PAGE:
I have grown up in a household where both of my parents professions contain and rely on a lot of writing. Being a good writer takes skill. It isn’t something that happens overnight, it takes time, patience and lots of practice. I have none of those skills… yet. My patience level is quite low, my time management… let’s just say we’re working on it, and as for practice, I only write when I have to. I have come to realize that I have to write in my everyday life, whether it’s for school, a letter to my grandmother, or simple communication with a friend. Writing is a huge part of life, and that remains true for everyone whether we like it or not. I personally don’t love it but it’s growing on me, the sole reason being my mother, Sara M. Sara has been helping me write since the 6th grade, or earlier. Have multiple writing sessions ended in tears by a young Lilly R.? Yes. Did young Lilly R. like getting help from her Sara? No. Has Sara’s help benefited Lilly as a person and a writer significantly? Yes.
If I’m writing anything from a short paragraph to a 4 page essay, it’s a little scary handing my computer over to Sara. She is very skilled in the practice of writing, and knows how to give good constructive criticism. When tackling my latest Humanities essay, young Lilly didn’t fully grasp the fact that Sara was only trying to help, and not trying to make her work look bad and unfinished. I am a person who likes to do things on my own time, and if given the opportunity, I will do exactly that. So when it came time to buckle down and start working on the essay for Humanities, asking Sara was an idea, yes, but a scary one. We got the essay assigned two weeks before it was due, and before I knew it, Sara swooped in like a hawk to help. I was not ecstatic about this. At all. After a few minutes of very careful consideration, I decided it would be best to accept Sara’s help. We started planning my process for the essay on a Sunday night, every fifteen year olds dream, right? The two week process for finishing the essay was an interesting one. I enjoyed it, to an extent. Working with Sara was a challenge. We disagreed on plenty of things, I got frustrated, Sara got frustrated, and it was tough for both of us to want to keep working together. Keep in mind this is a mother daughter duo, so you never know what the outcome will be. After two weeks of some bickering, lots of stress, headaches and no tears (surprisingly), the essay was beautifully polished and ready to go.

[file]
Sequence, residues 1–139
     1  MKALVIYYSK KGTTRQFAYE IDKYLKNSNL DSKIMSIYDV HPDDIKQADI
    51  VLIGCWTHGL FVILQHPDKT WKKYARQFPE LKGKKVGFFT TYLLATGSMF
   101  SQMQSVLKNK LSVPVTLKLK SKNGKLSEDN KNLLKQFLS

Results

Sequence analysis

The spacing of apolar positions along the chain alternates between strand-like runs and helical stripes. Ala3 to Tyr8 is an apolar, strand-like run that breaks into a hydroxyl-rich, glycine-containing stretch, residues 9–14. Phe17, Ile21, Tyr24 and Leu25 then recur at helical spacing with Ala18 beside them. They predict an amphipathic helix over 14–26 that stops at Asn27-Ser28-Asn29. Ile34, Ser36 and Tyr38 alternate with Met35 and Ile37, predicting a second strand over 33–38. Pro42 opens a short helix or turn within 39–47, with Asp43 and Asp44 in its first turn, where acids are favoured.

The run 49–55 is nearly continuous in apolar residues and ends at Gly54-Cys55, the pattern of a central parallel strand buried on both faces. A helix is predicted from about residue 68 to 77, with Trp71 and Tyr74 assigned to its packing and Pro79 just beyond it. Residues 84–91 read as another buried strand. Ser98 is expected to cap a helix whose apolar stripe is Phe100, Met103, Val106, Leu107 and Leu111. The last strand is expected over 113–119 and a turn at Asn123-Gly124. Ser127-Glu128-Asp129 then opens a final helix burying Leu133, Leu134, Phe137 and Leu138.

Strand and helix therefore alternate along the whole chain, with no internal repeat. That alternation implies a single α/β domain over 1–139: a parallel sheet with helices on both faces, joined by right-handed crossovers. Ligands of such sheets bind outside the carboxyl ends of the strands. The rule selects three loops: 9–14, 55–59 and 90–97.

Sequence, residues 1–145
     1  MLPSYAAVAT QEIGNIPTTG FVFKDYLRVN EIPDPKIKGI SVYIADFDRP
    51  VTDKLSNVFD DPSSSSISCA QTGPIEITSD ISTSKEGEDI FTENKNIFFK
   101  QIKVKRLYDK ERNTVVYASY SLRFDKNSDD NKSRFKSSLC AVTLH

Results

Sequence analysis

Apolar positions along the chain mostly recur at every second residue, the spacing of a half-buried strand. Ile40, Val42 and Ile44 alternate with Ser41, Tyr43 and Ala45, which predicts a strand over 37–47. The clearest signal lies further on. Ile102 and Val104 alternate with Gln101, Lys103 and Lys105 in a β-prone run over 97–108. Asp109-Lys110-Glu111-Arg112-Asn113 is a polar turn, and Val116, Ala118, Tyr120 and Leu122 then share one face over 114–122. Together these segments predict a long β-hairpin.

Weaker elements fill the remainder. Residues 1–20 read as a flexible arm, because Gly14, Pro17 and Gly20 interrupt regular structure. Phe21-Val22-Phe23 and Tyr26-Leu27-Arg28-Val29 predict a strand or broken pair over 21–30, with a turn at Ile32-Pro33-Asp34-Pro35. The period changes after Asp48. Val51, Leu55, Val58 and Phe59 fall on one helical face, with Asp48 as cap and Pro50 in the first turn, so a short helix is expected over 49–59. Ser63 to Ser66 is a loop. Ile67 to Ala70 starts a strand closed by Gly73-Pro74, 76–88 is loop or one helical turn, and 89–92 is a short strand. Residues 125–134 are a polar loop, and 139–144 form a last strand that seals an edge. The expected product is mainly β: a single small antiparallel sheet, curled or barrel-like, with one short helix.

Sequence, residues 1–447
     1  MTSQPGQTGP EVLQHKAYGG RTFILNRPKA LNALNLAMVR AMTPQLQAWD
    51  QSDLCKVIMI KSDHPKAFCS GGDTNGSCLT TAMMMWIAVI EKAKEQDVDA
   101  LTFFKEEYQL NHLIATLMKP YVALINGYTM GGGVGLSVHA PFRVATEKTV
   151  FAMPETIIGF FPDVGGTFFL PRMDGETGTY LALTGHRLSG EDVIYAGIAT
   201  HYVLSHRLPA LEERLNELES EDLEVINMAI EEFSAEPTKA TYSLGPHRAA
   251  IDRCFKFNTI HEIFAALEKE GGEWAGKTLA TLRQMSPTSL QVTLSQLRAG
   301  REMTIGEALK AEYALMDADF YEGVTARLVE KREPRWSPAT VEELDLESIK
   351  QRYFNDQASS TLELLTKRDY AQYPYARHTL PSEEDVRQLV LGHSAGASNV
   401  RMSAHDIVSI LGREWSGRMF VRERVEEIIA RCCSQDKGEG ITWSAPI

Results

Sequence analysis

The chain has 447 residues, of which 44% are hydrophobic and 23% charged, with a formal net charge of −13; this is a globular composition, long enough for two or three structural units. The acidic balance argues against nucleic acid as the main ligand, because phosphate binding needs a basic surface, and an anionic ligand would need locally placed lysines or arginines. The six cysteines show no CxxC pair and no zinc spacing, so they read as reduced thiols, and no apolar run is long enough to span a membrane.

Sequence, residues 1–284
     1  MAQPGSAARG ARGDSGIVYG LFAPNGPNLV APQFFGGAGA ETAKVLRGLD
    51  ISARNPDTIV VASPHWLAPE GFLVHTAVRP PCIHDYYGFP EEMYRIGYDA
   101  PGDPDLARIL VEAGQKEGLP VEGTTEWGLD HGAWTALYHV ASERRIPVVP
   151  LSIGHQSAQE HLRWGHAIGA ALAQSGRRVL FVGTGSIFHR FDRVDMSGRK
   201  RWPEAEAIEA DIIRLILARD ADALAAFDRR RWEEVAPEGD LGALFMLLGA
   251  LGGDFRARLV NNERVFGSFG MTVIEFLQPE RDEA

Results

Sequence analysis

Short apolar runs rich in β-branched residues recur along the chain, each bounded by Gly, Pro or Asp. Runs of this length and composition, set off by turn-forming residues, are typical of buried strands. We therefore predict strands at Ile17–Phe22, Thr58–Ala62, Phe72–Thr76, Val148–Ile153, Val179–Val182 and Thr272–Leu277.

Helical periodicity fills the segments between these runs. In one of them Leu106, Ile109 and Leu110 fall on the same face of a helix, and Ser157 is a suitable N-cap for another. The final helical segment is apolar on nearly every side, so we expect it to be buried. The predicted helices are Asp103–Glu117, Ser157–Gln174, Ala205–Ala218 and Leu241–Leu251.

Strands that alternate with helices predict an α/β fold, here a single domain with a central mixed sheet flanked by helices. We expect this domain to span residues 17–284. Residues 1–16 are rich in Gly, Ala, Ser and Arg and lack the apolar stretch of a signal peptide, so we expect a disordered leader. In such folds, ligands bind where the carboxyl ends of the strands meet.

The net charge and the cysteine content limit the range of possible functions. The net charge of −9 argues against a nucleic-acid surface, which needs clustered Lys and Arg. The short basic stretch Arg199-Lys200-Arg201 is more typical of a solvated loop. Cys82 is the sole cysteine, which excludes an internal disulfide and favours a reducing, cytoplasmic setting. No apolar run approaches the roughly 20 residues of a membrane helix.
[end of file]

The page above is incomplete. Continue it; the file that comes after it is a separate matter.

Part of me can’t help but think that the essay is the majority of Sara’s work, but while reading between the lines I noticed how much I have grown as a writer and how much I value Sara’s insight. I worked hard to make a smooth sounding essay and I’m proud of it. I’m also pleased that I accepted Sara’s help.
Is having parents who are talented writers always fun? No. Will I want to accept Sara’s help in the future? Probably not. Odds I still accept her help grudgingly? High. At about this point, young Lilly R. would be frustrated she gave in to Sara’s help because she was always very independent. But she would be proud of her work and progress.